Property Managers

As of last Monday, we don’t have any tenants in our rental house.

English: Farmhouse at Little Renters Farm This...

English: Farmhouse at Little Renters Farm This farm stands on Beckingham Street. (Photo credit: Wikipedia)

That makes me sad.

It makes me sadder that we were too nice and gave them an extra week free to get their stuff moved out.

Now we get the fun job of painting, replacing the linoleum, and probably cleaning the place up to get it ready for new renters that we haven’t found yet.

New renters.


Now, we could put an ad on Craigslist and try to find renters ourselves.

Background checks.

Credit checks.

Interviews and walk-throughs.

Then, when we find someone, we’ll be collecting rent and dealing with any whiny issues that come up.



We can hire a property manager.  The big name property management company in our area charges a $99 set-up fee plus $80 per month.

That covers:

  • Rent collection
  • Coordinating maintenance
  • Accounting
  • All of the other mundane details

If we add on the tenant-finding service, we’ll be paying them one-month’s rent, but they’ll handle the showings, advertising, background checks, and the lease.  And their average tenant placement is 19 days.  Another house in the neighborhood that used them had the house rented in about a week.

That moves our landlording firmly into the passive side-hustle category and all it costs us is (essentially) one and a half month’s rent with the added bonus that we’ll be asking the right amount for rent according to the market, instead of guessing.  Our last tenants were probably paying $300 too little.

I think the property managers are the way to go, but I have absolutely no experience here.

Have any of you used a property manager?  Was it good?  Bad? Hell-on-Earth?


1 comment

Automatic Oopsie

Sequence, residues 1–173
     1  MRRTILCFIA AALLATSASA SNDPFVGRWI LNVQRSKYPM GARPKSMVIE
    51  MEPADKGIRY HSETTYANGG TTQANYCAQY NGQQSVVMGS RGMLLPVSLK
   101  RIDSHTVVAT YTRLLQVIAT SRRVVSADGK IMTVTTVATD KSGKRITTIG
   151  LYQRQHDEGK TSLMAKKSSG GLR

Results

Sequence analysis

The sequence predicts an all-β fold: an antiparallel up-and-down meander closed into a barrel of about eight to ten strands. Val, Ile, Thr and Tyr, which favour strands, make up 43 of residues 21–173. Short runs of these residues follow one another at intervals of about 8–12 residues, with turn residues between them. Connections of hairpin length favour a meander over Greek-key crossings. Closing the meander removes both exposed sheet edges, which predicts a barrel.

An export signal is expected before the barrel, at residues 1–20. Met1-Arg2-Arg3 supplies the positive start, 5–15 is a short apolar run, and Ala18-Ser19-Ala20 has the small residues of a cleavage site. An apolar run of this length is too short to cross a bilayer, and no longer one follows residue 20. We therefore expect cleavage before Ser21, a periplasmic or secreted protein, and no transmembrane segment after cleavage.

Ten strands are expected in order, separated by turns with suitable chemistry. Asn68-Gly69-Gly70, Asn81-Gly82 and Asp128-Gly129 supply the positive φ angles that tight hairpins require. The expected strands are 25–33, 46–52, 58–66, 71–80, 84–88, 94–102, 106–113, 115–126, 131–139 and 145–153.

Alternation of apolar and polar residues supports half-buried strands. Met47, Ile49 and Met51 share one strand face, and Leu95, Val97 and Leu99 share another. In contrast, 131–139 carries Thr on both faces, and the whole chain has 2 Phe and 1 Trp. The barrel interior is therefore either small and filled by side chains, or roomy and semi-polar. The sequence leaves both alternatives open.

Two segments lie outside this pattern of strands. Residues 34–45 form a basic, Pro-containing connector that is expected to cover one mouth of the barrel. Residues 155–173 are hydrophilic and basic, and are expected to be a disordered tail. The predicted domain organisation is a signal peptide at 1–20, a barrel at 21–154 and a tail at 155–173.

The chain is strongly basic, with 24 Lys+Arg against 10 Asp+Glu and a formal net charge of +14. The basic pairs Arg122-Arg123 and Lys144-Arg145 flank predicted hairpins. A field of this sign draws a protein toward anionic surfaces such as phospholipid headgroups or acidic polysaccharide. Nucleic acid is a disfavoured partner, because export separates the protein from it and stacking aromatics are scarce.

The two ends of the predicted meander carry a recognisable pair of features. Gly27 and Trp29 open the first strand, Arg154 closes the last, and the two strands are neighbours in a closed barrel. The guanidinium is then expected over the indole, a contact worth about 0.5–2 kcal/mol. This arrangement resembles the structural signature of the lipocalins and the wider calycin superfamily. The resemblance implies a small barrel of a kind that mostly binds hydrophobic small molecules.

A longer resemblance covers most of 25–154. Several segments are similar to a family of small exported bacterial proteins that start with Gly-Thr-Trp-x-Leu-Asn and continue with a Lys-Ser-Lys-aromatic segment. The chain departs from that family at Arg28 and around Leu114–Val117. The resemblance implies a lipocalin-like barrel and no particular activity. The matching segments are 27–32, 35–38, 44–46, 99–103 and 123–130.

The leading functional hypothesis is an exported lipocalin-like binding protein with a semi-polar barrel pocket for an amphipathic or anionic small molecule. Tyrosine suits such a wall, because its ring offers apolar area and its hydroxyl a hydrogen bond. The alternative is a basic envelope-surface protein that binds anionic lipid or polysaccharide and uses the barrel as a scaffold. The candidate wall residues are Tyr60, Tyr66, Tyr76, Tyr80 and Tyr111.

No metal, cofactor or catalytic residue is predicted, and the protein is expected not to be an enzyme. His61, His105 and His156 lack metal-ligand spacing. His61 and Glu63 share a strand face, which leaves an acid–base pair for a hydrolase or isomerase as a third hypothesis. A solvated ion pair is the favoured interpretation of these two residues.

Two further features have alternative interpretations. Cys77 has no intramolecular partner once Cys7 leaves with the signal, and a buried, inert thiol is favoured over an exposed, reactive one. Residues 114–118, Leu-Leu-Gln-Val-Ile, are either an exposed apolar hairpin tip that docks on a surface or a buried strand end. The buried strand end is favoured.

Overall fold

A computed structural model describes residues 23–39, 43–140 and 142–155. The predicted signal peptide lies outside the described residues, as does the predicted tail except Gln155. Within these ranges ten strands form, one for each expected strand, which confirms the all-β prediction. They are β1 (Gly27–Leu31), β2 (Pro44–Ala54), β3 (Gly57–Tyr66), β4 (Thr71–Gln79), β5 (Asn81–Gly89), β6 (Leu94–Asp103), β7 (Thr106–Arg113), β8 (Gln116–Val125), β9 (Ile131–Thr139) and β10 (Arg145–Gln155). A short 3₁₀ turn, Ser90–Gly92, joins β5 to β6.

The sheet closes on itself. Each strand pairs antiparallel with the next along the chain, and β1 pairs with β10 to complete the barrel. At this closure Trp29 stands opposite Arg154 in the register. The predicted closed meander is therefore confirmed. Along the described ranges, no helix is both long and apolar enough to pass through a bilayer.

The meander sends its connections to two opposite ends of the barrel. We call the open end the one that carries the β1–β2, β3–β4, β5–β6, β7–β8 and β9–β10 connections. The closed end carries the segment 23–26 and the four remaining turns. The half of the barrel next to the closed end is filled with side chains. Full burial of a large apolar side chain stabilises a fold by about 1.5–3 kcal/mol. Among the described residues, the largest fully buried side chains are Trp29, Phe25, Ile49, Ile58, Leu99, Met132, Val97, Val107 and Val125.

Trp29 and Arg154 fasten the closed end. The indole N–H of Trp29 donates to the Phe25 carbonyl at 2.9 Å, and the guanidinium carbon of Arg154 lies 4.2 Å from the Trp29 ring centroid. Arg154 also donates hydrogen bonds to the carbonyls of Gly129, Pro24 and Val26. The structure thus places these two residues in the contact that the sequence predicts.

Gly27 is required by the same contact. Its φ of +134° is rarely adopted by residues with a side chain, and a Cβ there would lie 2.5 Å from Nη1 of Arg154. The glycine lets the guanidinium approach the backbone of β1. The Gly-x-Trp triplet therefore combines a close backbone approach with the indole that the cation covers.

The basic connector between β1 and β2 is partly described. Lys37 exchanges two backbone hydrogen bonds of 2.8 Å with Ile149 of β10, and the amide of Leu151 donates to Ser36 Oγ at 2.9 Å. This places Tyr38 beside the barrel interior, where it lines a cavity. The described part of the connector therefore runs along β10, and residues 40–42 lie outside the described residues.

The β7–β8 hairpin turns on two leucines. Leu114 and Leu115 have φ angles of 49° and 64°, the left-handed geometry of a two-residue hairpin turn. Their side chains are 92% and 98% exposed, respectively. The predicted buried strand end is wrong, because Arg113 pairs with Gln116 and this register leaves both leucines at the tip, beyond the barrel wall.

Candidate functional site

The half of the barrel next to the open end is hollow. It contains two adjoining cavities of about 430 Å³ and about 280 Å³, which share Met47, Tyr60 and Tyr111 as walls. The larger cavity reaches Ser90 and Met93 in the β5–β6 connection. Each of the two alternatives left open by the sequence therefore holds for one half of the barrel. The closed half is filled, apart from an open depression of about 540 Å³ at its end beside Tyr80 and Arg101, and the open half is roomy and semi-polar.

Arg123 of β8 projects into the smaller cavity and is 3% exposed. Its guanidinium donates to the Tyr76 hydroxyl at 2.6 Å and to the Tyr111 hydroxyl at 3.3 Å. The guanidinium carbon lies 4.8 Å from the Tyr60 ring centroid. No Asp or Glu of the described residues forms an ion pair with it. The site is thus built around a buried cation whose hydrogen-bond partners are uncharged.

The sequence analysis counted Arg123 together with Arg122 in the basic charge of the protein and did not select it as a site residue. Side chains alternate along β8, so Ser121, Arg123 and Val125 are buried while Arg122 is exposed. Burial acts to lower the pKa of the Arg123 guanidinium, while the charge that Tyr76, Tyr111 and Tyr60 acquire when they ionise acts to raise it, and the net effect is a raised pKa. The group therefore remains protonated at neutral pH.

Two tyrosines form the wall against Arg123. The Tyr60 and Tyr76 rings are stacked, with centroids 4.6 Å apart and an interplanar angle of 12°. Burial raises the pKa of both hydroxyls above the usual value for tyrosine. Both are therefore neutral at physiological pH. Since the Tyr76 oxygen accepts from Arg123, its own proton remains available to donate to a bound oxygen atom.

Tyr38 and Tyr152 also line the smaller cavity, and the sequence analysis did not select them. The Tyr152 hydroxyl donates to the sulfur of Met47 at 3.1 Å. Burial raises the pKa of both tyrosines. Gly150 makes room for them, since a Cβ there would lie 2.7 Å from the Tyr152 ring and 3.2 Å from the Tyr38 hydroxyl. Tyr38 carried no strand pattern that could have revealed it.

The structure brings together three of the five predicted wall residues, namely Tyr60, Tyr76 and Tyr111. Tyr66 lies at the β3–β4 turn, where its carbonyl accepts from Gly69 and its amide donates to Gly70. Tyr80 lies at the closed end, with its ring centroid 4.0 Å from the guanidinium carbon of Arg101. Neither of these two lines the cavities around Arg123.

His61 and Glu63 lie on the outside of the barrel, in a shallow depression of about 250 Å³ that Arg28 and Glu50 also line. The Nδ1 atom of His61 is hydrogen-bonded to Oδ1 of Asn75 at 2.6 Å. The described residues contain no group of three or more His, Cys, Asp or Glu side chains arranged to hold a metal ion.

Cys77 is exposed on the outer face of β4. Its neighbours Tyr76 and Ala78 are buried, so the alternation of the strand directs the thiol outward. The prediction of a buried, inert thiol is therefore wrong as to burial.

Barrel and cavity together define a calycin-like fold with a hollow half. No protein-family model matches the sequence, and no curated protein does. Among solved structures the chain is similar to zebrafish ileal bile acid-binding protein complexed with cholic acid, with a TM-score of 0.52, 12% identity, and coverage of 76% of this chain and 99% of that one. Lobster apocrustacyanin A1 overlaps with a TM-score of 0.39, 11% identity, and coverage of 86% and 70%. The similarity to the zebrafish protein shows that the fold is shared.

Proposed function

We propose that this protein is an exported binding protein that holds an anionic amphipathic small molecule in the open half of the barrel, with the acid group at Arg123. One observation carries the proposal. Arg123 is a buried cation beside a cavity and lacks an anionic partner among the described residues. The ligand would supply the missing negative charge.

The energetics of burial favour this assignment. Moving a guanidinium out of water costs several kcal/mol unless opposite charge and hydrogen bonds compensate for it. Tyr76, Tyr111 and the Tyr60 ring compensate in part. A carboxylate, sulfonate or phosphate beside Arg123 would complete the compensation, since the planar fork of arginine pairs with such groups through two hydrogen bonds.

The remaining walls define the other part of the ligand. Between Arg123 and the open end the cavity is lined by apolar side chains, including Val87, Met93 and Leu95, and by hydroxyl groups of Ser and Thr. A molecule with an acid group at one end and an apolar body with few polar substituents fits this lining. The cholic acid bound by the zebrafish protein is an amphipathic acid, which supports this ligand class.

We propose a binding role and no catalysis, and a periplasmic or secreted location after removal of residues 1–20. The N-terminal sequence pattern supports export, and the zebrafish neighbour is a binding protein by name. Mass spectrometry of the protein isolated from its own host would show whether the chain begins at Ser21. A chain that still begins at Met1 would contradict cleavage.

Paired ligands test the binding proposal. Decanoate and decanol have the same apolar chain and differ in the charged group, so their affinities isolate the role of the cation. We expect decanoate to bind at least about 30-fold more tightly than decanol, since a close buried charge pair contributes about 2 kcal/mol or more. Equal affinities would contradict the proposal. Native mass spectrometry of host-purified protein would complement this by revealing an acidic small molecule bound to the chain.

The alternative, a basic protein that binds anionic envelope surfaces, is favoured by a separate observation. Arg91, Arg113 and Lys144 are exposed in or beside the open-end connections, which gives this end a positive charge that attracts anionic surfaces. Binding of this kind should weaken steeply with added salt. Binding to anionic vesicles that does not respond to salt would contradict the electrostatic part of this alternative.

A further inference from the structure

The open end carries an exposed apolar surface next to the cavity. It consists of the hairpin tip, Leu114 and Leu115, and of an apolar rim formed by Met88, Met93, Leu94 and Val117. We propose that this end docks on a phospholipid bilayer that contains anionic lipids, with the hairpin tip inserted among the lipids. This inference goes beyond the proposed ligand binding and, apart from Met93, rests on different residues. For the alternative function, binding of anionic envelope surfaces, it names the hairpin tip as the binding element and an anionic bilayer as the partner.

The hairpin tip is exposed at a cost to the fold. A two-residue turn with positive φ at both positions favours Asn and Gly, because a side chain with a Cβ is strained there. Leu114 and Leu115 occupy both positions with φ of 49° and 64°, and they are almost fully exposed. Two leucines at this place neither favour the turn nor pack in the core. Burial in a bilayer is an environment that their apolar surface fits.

When I found myself doing an abrupt unemployment tour this month,  the first thing I did was dig into my budget.  I did it so I could see how long it would be before our finances got scary and to see what could be eliminated.

English: A Netflix envelope picture taken by B...

English: A Netflix envelope picture taken by BlueMint. (Photo credit: Wikipedia)

Gah!  So much could be eliminated.

There were things that I’d set up on automatic payments, added to my budget, then ignored.

There were things that I’d signed up for and used, but didn’t get as much enjoyment out of any more.

Example Number 1:  Netflix

We love Netflix.  It gets used every single day.  But the DVDs often sit on the kitchen counter for a month before we get around to watching them.  We clearly don’t need the DVD plan any more.

Example Number 2: Software Subscription

I use some software to track the Google rank of several of my websites.  There is an addon that makes the software work much better.  The addon costs $20 per quarter.   The problem is that I’m not looking at the rankings of these sites any more.  Some of the sites have been shut down, or I’m no longer involved with the clients.  That makes the paid addon a total waste.  I canceled it and told the tracking software to run slower so it would give Google a fit.

Example Number 3: Extra Domains

Hello, my name is Jason and I’m a domain addict.  Seriously, for a while, I was buying domains every time I had a good idea for a website.  Some of them were developed, and some were sketched out and put on hold.   I also bought domains to help with the search engine rankings of the developed websites.   I topped out at about 120 domains.  All of them were on auto-renew.   I’ve been letting them expire, but some didn’t have the auto-renew settings changed, so they (surprise!) renewed automatically.

These are just three examples of several years of development, exploration, and automation of my complicated financial life, and they add up to more than $100 a month essentially wasted.

Here’s what I want you to do.

Right now.

Not “tomorrow”, not “when you get around to it”.


Pull up your bank statement, your Paypal account and your credit card statements.

Is there anything in there that’s happening every month that you forgot about, don’t need, or don’t even want?

Ax that crap.  Kill it with fire.  Nuke it from orbit. Stop wasting your money.

I’d be willing to bet 99% of everyone has something they are paying for every month that they don’t even want, but either forgot was happening or have just let inertia keep paying the bills.

Be the 1%.

No comments yet

Why Companies Need to Acquire MIS Graduates

This is a guest post.Most companies recognize that technology will play an increasing role in future success. That realization doesn't necessarily mean that businesses know what type of professionals to hire. These four benefits should convince … [Continue reading]

No comments yet

Mortgaging a Rental Property

Now that we're down to the last ten grand on our mortgage, we're starting to look into getting another rental property.  The one we've got has worked out pretty well over the last two years, giving us about $800 extra  each month.  We broke even on … [Continue reading]

1 comment